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Unravelling the proteomic profile of rice meiocytes during early meiosis.

Collado-Romero M, Alós E, Prieto P - Front Plant Sci (2014)

Bottom Line: Moreover, the putative roles of 16 proteins which have not been previously associated to meiosis or were not identified in rice before, are also discussed namely: seven proteins involved in chromosome structure and remodeling, five regulatory proteins [such as SKP1 (OSK), a putative CDK2 like effector], a protein with RNA recognition motifs, a neddylation-related protein, and two microtubule-related proteins.Revealing the proteins involved in early meiotic processes could provide a valuable tool kit to manipulate chromosome associations during meiosis in rice breeding programs.The data have been deposited to the ProteomeXchange with the PXD001058 identifier.

View Article: PubMed Central - PubMed

Affiliation: Plant Breeding Department, Institute for Sustainable Agriculture, Agencia Estatal Consejo Superior de Investigaciones Científicas Córdoba, Spain.

ABSTRACT
Transfer of genetic traits from wild or related species into cultivated rice is nowadays an important aim in rice breeding. Breeders use genetic crosses to introduce desirable genes from exotic germplasms into cultivated rice varieties. However, in many hybrids there is only a low level of pairing (if existing) and recombination at early meiosis between cultivated rice and wild relative chromosomes. With the objective of getting deeper into the knowledge of the proteins involved in early meiosis, when chromosomes associate correctly in pairs and recombine, the proteome of isolated rice meiocytes has been characterized by nLC-MS/MS at every stage of early meiosis (prophase I). Up to 1316 different proteins have been identified in rice isolated meiocytes in early meiosis, being 422 exclusively identified in early prophase I (leptotene, zygotene, or pachytene). The classification of proteins in functional groups showed that 167 were related to chromatin structure and remodeling, nucleic acid binding, cell-cycle regulation, and cytoskeleton. Moreover, the putative roles of 16 proteins which have not been previously associated to meiosis or were not identified in rice before, are also discussed namely: seven proteins involved in chromosome structure and remodeling, five regulatory proteins [such as SKP1 (OSK), a putative CDK2 like effector], a protein with RNA recognition motifs, a neddylation-related protein, and two microtubule-related proteins. Revealing the proteins involved in early meiotic processes could provide a valuable tool kit to manipulate chromosome associations during meiosis in rice breeding programs. The data have been deposited to the ProteomeXchange with the PXD001058 identifier.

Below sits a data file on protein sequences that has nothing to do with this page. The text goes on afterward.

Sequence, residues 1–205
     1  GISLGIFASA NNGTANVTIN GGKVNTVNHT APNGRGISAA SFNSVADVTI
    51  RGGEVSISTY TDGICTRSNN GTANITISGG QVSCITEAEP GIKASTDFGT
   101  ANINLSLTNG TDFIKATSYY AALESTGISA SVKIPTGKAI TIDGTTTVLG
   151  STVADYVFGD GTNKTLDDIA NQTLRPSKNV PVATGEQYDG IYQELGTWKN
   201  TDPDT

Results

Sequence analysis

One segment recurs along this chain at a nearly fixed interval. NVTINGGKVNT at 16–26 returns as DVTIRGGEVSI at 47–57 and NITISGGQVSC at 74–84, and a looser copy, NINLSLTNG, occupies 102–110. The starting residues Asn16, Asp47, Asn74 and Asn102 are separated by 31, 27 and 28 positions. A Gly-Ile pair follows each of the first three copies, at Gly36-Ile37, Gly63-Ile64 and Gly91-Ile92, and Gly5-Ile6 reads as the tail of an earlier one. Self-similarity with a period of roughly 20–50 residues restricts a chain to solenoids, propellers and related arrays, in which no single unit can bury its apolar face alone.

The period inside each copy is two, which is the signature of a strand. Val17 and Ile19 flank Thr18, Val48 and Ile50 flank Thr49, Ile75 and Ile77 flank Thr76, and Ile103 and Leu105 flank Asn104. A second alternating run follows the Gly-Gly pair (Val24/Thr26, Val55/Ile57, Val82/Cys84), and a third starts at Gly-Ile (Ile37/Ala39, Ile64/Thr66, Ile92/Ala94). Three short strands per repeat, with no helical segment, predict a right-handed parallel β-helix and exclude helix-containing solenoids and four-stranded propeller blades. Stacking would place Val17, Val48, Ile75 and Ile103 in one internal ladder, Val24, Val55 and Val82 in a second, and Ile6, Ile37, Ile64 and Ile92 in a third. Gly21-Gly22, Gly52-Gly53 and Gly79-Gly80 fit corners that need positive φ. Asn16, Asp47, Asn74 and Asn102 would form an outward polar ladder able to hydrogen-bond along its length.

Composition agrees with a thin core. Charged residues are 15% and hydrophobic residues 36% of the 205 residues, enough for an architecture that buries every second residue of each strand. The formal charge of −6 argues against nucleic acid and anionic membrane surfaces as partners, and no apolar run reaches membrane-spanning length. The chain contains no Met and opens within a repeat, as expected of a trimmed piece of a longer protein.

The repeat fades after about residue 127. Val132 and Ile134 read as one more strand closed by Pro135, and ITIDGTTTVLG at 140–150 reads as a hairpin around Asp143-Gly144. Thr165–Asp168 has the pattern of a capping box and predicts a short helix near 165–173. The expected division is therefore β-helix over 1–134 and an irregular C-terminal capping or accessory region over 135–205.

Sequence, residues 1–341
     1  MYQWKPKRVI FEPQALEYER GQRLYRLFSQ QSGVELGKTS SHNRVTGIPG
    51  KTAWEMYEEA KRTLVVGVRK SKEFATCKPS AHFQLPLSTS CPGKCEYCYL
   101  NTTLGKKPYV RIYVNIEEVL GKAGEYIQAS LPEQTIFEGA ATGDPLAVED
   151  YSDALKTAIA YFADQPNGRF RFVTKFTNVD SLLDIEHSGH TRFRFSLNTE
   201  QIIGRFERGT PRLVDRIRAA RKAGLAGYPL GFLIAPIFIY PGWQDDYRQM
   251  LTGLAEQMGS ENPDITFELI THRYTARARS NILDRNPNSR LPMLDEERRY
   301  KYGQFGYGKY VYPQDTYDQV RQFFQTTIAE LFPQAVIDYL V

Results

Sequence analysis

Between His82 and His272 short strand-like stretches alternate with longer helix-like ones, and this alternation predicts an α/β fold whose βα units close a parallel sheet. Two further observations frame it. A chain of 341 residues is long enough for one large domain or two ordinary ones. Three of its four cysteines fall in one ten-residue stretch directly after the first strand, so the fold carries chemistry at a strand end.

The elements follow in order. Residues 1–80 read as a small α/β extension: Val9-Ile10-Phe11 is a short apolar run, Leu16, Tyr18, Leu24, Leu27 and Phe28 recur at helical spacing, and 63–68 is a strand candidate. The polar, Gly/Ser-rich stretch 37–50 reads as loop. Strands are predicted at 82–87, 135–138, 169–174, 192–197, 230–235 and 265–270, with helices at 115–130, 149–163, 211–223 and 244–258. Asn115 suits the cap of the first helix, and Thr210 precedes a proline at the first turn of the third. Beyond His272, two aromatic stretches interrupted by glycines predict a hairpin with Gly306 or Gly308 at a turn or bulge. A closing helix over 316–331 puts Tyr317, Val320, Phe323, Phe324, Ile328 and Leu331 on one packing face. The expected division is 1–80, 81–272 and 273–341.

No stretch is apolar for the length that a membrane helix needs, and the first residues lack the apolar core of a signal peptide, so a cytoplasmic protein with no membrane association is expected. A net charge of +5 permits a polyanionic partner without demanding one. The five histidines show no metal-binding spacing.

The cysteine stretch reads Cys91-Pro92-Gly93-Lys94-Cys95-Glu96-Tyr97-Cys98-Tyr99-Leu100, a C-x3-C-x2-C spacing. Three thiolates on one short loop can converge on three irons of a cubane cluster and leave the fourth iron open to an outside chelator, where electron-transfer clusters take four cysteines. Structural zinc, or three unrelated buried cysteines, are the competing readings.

No MeSH data available.


Flow chart overview for the extraction of rice meiocytes in prophase I, the subsequent proteomics experiments and the data analysis.
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Figure 1: Flow chart overview for the extraction of rice meiocytes in prophase I, the subsequent proteomics experiments and the data analysis.

Mentions: Ethanol and acetic acid were used as fixatives because they have been previously proved to be successfully employed in proteomic analysis (Ahram et al., 2003; De Souza et al., 2004; Milcheva et al., 2013) (Figure 1). Although the anther length is generally used as a criterion to determine the developmental stages of anthers in rice (Kerim et al., 2003; Itoh et al., 2005; Nonomura et al., 2011), an anther from each fixed flower was removed using fine forceps under a dissection microscope (Stemi 2000-C stereomicroscope, Carl Zeiss, Göttingen, Germany) equipped with a cold-light source to stage meiosis as much accurately as possible. Anthers were then stained in acetocarmine solution, squashed on ethanol-cleaned slides and checked under a PrimoStar light microscope (Carl Zeiss, Göttingen, Germany). The identification of the meiotic developmental stage was based on previous cytological descriptions of rice male meiosis (Chen et al., 2005; Itoh et al., 2005). Photographs were taken using an AxioCam ICc3 digital camera (Carl Zeiss, Göttingen, Germany) attached to the microscope.